Interviews are often a nerve-inducing experience without questions about your salary expectations coming up. But when it does, to avoid a series of “ums…” and blank stares off into the distance, it is best to know exactly how to answer this question in a constructive way.
As a general rule, going into an interview prepared means you know what questions you could be asked and how you want to answer. This goes for everyone, whether you are interviewing for an entry-level medical coding and billing position or to be the top executive of a company.
When the salary expectations question comes up in your interview, and it probably will at some point, here are a couple of different ways you can respond:
Delay your Answer
Interviewees can often become nervous about forking over their salary expectations to a potential employer because they don’t want to aim too high or too low and take the interviewers by surprise.
Luckily, there are few ways to delay sharing the number you have in mind without concerning your interviewers.
According to an article on Time.com, there are five key scenarios that can play out when you choose to delay sharing your thoughts on salary:
Q: “What salary range are you looking for?”
A: “Let’s talk about the job requirements and expectations first, so I can get a sense of what you need.”
Q: “What did you make at your last job?”
A: “This position is not exactly the same as my last job. So let’s discuss what my responsibilities would be here and then determine a fair salary for this job.”
Q: “What are you expecting to make in terms of salary?”
A: “I am interested in finding a job that is a good fit for me. I’m sure whatever salary you’re paying is consistent with the rest of the market.”
Q: “I need to know what salary you want in order to make an offer. Can you tell me a range?”
A: “I’d appreciate it if you could make me an offer based on whatever you have budgeted for this position and we can go from there.”
Q: “Why don’t you want to give your salary requirements?”
A: “I think you have a good idea of what this position is worth to your company, and that’s important information for me to know.”
These answers allow you to avoid giving specifics, but encourage discussion about coming to an agreement on a suitable salary.
Be Prepared to Negotiate
If you aren’t afraid to tackle this interview topic head on, be armed with facts and information.
In her article, “How to Negotiate Your Next Salary,” Amy Gallo said, “Employers set salaries based on what they currently pay people to fill similar roles and what they believe competitors are paying. They may have a certain budget or a predetermined range. Information is power in negotiation so the more you know about these data points the better.”1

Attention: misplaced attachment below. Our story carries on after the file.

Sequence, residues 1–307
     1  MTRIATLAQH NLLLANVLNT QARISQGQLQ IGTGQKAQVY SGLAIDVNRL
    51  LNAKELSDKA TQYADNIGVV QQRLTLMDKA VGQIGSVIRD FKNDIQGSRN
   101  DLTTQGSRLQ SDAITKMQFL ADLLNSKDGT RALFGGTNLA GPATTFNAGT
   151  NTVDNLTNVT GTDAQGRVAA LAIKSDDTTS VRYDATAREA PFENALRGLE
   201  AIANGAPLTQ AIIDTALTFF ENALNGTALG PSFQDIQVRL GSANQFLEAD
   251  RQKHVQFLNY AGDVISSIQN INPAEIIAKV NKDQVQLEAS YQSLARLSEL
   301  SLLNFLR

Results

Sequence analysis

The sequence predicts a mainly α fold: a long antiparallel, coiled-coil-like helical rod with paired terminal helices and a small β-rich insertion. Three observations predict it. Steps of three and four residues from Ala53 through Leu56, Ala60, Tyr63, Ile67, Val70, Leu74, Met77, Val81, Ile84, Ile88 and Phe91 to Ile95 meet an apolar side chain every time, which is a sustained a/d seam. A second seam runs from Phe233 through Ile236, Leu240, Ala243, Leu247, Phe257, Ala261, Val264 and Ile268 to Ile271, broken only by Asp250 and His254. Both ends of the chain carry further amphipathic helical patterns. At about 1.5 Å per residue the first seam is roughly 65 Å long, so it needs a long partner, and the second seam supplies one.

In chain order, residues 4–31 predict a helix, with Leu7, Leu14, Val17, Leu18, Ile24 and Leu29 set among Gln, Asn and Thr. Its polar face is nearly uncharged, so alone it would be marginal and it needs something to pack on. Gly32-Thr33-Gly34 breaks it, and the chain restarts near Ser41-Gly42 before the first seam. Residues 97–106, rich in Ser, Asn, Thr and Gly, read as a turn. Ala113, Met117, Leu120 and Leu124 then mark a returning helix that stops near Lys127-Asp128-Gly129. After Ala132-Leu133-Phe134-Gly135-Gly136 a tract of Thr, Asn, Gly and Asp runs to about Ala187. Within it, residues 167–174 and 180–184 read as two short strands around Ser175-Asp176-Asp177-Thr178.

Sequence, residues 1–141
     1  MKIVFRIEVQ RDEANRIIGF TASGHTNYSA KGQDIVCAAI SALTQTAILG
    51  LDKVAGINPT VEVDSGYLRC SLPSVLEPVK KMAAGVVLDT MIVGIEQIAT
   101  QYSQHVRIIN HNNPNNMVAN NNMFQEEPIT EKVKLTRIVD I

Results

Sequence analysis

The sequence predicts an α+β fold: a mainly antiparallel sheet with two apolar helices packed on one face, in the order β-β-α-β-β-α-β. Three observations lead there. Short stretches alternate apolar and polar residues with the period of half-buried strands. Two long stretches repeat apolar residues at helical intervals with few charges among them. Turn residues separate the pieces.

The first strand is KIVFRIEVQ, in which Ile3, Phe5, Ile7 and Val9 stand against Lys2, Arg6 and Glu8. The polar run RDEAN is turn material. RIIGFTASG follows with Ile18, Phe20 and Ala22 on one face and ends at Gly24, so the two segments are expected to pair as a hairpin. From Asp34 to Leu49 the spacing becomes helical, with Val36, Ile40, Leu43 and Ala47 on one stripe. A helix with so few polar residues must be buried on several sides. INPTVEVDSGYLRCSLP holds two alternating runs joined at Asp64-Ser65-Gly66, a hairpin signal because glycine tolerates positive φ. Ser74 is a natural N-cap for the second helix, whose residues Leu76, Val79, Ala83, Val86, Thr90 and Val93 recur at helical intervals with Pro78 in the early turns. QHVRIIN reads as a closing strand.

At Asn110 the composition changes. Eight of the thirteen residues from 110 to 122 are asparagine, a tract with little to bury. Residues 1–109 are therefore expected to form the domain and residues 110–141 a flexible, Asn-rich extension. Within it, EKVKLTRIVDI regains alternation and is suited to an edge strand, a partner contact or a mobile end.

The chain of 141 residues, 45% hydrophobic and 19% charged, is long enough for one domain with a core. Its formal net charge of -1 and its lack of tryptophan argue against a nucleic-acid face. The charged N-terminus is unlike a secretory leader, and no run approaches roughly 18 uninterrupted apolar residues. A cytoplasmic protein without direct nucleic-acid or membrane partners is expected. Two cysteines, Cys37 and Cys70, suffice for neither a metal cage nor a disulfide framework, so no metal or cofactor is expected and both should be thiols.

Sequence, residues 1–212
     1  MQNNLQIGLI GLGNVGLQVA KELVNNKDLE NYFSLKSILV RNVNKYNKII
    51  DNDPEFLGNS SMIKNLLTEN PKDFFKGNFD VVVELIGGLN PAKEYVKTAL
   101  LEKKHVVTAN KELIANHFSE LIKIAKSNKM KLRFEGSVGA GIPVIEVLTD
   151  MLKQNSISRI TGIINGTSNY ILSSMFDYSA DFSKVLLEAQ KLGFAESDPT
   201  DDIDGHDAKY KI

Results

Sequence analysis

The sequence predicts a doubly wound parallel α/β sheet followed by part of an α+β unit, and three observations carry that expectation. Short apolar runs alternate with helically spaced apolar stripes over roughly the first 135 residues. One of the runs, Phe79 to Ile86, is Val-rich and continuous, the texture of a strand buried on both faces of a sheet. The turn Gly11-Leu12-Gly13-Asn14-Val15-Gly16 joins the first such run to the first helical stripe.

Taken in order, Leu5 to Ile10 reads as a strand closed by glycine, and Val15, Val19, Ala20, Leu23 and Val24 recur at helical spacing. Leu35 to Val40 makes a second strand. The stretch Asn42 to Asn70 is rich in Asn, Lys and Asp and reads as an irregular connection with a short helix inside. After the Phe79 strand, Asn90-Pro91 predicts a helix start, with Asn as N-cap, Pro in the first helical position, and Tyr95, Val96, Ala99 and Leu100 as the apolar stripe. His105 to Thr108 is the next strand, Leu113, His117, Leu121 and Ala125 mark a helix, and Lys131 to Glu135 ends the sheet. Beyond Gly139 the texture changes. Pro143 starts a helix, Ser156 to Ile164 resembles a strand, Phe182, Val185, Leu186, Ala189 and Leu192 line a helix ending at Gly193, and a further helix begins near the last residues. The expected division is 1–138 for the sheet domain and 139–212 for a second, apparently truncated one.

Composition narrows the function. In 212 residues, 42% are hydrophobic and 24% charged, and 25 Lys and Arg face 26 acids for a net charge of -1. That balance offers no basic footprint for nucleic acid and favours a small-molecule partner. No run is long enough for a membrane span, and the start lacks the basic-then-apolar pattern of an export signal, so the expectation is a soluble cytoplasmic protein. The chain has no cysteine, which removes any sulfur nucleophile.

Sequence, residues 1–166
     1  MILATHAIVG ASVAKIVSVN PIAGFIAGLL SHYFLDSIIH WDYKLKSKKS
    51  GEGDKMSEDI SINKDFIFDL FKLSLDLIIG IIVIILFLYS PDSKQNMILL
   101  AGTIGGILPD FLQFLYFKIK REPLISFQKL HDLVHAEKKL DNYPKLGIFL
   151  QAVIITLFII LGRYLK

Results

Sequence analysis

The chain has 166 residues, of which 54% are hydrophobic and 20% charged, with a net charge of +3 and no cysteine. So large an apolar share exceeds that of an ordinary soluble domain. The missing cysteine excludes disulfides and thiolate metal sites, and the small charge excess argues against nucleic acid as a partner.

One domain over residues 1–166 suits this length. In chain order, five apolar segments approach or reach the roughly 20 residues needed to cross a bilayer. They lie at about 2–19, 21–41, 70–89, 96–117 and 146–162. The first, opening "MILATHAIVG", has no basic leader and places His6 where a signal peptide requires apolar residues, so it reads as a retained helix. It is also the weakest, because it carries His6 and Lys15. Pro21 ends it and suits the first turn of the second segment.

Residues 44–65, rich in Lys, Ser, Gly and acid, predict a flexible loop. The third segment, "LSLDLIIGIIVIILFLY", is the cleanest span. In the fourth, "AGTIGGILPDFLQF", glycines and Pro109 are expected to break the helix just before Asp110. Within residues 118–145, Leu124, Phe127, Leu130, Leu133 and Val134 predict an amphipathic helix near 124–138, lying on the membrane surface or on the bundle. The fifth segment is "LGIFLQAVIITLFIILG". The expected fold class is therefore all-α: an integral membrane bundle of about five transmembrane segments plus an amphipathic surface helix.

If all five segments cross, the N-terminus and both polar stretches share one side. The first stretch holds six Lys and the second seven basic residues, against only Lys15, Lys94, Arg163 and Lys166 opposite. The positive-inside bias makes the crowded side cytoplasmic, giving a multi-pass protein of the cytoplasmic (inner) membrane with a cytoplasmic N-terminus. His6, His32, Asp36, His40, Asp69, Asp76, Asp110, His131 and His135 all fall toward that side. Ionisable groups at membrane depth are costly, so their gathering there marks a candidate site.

Be aware of the market you are getting into and have a clear understanding of the salary you deserve for the position for which you are interviewing. To learn more about the salary trends for medical coders and billers, head to the Bureau of Labor Statistics.
Why do Employers Ask about your Salary Expectations?
When employers ask about your salary expectations, regardless of whether or not you choose to believe otherwise, it is not because they want to see how uncomfortable they can make you.
Ultimately, the intention of this difficult interview questions is for employers to make sure they can afford you before they invest time and money into hiring you.
In fact, “candidates should not be so freaked out about sharing information. Everyone needs to remember that the job interview process is about finding the person who is the best fit for the job,” stated human resources guru Suzanne Lucas. “And one of the things that must fit is salary.”2
When it comes to this topic, be sure to enter your interview with a plan for how you want the discussion to progress with your interviewers. And feel confident in that plan.
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For more information about the graduation rates, the median debt of students who completed the program, and other important information, please visit http://www.grantham.edu/disclosures/AAS-MCB